The judge sentenced Mr. Mubarak’s feared former interior minister, Habib el-Adly, to the same penalty for the same reason. But he acquitted several lower-ranking officials in the chain of command responsible for the police, raising more questions about responsibility for the killings.

Mr. Rafaat also dismissed corruption charges against Mr. Mubarak and his deeply unpopular sons, Alaa and Gamal, on technical grounds. By late afternoon, thousands of protesters angry at the limits of the decision were pouring into the streets in Cairo, Alexandria, Suez and elsewhere.

Against a backdrop of military rule, in which the generals, prosecutors and judges were all appointed by Mr. Mubarak, the degree of judicial independence is impossible to know. Lawyers and political leaders called the decision political, and demonstrators denounced the ruling as a sham aimed at placating the street with a seemingly tough verdict that would collapse on appeal....

Mr. Mubarak, 84, was housed during the trial in a military hospital where he enjoyed visits from his family, according to news reports, and a daily swim. After the verdict, a helicopter flew him to a Cairo prison.

June 2, 2012 in Celebrity sentencings, Procedure and Proof at Sentencing, Sentencing around the world, Who Sentences? | Permalink | Comments (1) | TrackBack

Wednesday, May 30, 2012

Former Liberian leader sentenced to 50 years for war crimes at ICC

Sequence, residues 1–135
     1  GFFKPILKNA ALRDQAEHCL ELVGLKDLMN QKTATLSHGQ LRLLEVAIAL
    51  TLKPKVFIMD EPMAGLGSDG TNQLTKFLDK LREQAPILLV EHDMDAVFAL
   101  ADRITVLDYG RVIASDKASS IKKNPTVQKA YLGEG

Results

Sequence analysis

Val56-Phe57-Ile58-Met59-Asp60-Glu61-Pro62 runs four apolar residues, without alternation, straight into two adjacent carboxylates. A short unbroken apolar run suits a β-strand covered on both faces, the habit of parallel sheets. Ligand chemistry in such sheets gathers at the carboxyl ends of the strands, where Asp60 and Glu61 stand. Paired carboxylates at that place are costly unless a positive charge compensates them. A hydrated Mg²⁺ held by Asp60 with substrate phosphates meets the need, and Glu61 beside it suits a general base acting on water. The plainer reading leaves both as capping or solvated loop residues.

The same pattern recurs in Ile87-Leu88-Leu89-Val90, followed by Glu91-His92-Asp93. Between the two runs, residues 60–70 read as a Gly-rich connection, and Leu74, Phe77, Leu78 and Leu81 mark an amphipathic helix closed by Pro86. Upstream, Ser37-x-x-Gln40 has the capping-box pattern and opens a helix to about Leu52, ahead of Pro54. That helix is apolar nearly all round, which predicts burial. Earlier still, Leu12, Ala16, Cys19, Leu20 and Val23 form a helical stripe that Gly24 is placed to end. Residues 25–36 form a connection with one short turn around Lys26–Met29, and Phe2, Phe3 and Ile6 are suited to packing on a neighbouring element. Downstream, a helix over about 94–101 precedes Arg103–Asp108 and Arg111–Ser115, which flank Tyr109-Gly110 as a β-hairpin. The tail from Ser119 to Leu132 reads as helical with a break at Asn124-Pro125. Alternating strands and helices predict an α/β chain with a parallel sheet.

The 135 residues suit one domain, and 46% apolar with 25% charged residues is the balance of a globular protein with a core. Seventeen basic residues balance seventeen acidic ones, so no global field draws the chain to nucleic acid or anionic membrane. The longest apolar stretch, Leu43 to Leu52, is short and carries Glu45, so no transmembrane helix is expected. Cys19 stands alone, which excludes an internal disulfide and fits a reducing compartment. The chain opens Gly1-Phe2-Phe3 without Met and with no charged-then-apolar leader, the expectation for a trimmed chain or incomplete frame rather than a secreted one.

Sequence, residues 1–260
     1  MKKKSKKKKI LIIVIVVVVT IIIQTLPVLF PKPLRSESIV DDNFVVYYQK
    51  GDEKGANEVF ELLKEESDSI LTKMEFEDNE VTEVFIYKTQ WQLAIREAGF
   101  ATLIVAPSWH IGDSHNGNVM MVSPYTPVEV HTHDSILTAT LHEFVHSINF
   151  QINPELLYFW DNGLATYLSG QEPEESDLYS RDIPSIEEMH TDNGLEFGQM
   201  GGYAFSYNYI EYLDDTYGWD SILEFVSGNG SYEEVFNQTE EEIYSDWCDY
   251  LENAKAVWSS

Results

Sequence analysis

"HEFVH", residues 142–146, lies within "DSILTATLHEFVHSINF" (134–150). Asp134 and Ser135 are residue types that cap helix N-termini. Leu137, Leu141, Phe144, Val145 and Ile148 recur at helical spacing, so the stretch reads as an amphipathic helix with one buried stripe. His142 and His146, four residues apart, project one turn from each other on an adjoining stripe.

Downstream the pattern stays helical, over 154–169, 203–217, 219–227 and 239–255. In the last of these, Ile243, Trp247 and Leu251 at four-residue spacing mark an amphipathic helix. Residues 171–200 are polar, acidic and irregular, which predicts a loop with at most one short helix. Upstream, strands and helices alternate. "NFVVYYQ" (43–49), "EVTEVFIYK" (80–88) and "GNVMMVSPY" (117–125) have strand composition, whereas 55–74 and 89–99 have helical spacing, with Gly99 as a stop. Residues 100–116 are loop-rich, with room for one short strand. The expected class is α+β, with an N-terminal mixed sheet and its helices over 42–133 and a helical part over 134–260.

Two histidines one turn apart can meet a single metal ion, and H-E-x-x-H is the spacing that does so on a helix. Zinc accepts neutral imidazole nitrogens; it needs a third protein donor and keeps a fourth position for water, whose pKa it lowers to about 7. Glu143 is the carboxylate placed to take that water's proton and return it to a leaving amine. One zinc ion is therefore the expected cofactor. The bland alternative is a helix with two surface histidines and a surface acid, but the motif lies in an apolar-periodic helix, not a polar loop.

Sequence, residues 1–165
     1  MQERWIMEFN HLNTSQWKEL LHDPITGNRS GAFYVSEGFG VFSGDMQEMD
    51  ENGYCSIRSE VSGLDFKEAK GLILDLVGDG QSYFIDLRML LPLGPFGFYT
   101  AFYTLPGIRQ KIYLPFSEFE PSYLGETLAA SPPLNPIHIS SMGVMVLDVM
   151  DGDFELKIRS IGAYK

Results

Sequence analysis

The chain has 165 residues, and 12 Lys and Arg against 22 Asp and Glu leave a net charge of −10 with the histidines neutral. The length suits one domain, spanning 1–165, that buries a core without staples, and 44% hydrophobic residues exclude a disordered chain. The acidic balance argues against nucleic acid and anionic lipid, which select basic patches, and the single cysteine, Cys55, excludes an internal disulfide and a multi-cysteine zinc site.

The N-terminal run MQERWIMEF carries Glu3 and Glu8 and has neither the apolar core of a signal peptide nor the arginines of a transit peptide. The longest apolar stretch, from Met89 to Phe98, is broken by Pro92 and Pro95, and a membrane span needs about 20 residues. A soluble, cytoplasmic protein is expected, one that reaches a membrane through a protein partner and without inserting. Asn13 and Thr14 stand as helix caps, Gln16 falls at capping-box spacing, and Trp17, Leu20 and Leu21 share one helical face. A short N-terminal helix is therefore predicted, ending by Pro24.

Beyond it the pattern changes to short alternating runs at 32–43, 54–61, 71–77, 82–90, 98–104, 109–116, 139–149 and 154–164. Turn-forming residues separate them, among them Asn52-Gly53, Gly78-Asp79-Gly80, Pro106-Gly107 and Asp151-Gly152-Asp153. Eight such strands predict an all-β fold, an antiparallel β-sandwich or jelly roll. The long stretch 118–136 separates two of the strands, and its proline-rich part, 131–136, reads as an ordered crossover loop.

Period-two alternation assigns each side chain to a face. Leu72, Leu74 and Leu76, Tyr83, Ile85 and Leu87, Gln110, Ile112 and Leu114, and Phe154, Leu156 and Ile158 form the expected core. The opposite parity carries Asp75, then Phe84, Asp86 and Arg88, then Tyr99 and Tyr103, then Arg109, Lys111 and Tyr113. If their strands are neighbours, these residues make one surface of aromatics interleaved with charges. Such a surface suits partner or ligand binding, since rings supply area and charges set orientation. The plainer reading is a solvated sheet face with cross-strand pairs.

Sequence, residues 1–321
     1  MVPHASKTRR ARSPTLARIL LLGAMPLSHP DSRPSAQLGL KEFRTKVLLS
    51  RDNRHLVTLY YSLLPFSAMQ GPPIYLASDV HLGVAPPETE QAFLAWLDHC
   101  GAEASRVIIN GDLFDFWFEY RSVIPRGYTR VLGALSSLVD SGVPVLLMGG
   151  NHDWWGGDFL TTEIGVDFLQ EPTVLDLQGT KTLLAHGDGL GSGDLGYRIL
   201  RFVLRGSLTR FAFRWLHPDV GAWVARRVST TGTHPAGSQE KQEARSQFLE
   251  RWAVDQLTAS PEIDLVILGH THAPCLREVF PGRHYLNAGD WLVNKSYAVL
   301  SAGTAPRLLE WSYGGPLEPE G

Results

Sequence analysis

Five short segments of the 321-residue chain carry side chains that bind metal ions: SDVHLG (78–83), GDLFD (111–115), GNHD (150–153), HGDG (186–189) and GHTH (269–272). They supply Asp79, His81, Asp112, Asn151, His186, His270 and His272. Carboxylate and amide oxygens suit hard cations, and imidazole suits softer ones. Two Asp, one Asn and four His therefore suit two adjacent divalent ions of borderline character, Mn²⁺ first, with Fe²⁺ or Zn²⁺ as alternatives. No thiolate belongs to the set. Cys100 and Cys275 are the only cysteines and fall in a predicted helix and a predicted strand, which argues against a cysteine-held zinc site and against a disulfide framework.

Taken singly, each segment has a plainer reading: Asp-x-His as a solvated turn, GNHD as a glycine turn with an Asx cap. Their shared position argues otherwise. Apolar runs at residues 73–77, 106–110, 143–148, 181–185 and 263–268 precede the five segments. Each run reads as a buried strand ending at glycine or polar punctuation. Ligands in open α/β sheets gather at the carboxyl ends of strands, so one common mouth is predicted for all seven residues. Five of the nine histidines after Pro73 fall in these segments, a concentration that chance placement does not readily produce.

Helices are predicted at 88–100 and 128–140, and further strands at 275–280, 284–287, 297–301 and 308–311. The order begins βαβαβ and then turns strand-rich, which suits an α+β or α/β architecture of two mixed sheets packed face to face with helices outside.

As reported in this New York Times article, "Charles G. Taylor, the former president of Liberia and a once-powerful warlord, was sentenced on Wednesday to 50 years in prison over his role in atrocities committed in Sierre Leone during its civil war in the 1990s." Here is more:

The judge presiding over the sentencing in an international criminal court near The Hague said Mr. Taylor had been found guilty of “aiding and abetting, as well as planning, some of the most heinous and brutal crimes recorded in human history” and that the lengthy prison term underscored his position at the top of government during that period....

Mr. Taylor was the first head of state convicted by an international court since the Nuremberg trials after World War II.  Prosecutors had sought an even longer sentence of 80 years. If carried out, the term decided on Wednesday would likely mean the 64-year-old Mr. Taylor will spend the rest of his life behind bars.  Asked to stand as the sentence was read, he looked at the floor.

His legal team said it would immediately file an appeal. "The sentence is clearly excessive, clearly disproportionate to his circumstances, his age and his health and does not take into account the fact that he stepped down from office voluntarily," said Morris Anya, one of the lawyers representing Mr. Taylor.

The prosecution said it was considering its own appeal, both to lengthen the sentence and to broaden the responsibility attributed to Mr. Taylor for crimes committed under his leadership....

After more than a year of deliberations, the Special Court for Sierra Leone found Mr. Taylor guilty in late April of crimes against humanity and war crimes for his part in fomenting mass brutality that included murder, rape, the use of child soldiers, the mutilation of thousands of civilians, and the mining of diamonds to pay for guns and ammunition. Prosecutors have said that Mr. Taylor was motivated in these gruesome actions not by any ideology but rather by “pure avarice” and a thirst for power.